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Q&A Libor: the facts

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Barclays has been fined £290m for manipulating key interest rates, and the entire banking sector is now under scrutiny. What does it all mean, and how might you be affected?

What is Libor?

Libor is an interest rate based on what banks charge each other when they borrow money from one another. It stands for London Inter-Bank Offered Rate.

How is it calculated?

The data company Thomson Reuters collects sets the Libor rate on behalf of the British Banking Association. Every day at 11am, major banks submit the rates which they think they would be charged by other banks to borrow money over anything from one day to 12 months, in a numerous currencies. For sterling, 16 banks submit their rates, while for US dollars 18 banks are involved. For sterling, Thomson Reuters discards the top four and the bottom four estimates and works out an average of the remaining eight.

Why is Libor important?

Official Libor rates are used to price trillions of pounds worth of financial products globally.

Why was Barclays fined £290m?

Barclays traders were found to have manipulated Libor, under-or over-stating the rate periodically between 2005 and 2009, which would have meant that their financial counterparties paid more or earned less (or vice versa) than they should have done. Barclay’s rate submissions to Thomsons in isolation would have had a negligible effect on the official Libor rates calculated, but because Libor was then used to price trillions of pounds worth of products the implicationsare enormous – and very difficult to unravel.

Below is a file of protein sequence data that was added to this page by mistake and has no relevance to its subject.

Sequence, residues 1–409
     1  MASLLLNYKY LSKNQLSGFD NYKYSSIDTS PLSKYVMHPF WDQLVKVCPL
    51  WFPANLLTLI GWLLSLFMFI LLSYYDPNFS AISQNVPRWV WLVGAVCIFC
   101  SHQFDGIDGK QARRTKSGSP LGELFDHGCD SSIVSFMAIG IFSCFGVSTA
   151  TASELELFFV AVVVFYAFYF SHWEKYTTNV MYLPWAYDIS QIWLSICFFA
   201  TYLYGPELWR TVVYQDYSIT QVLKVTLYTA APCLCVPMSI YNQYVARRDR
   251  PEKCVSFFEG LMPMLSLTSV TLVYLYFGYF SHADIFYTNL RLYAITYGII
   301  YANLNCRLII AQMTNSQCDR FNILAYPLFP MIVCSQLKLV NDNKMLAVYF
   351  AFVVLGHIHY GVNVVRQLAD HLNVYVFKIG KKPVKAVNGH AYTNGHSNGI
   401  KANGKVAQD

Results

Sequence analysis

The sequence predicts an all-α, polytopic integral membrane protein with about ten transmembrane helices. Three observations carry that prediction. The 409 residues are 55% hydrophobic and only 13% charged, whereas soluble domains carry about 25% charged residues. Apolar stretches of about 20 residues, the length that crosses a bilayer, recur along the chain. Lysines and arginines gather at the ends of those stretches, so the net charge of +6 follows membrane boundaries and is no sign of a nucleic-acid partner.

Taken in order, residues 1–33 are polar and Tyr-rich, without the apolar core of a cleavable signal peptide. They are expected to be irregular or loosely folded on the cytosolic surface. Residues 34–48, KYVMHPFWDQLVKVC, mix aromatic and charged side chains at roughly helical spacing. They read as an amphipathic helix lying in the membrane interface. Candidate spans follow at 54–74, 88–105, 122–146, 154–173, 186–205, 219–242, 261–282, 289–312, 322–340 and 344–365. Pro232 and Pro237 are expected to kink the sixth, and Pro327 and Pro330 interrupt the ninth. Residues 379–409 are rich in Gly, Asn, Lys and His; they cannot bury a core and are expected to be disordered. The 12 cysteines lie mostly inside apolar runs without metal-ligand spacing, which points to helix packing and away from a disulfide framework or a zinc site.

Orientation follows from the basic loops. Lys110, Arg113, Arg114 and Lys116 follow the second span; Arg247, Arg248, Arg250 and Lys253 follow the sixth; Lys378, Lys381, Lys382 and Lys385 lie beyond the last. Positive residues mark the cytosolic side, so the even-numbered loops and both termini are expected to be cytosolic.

Was Barclays alone in manipulating Libor?

Highly unlikely. The signs are that most, if not all of the major banks were involved. In blowing the whistle, UBS is hoping for lenience from the regulator. But it is effectively acknowledging its own guilt at the same time.

How does it affect me?

If you are one of the estimated 200,000 to 250,000 UK mortgage borrowers with a product directly linked to Libor during 2005 to 2009, it is likely that the interest rate you paid was affected by the manipulation. Most of the mortgages affected were sub-prime or buy-to-let deals, where the rate was typically set using a formula along the lines of ‘three-month Libor plus 1.5%’. Borrowers are unlikely to complain however, because, while in some instances Barclays traders pushed Libor up to enhance their profits, since 2007 the Libor rate was kept artificially low, meaning lower mortgage payments than should rightfully have been the case. Determining the exact rates that should have been paid is nigh-on impossible.

What about my savings?

Individual savers are unlikely to have been affected, as most savings rates set by banks and building societies have little or no relation to Libor. But big institutional savers such as local authorities and charities often deposit their savings in short-term arrangements which can be directly linked to Libor, and they will have been affected.

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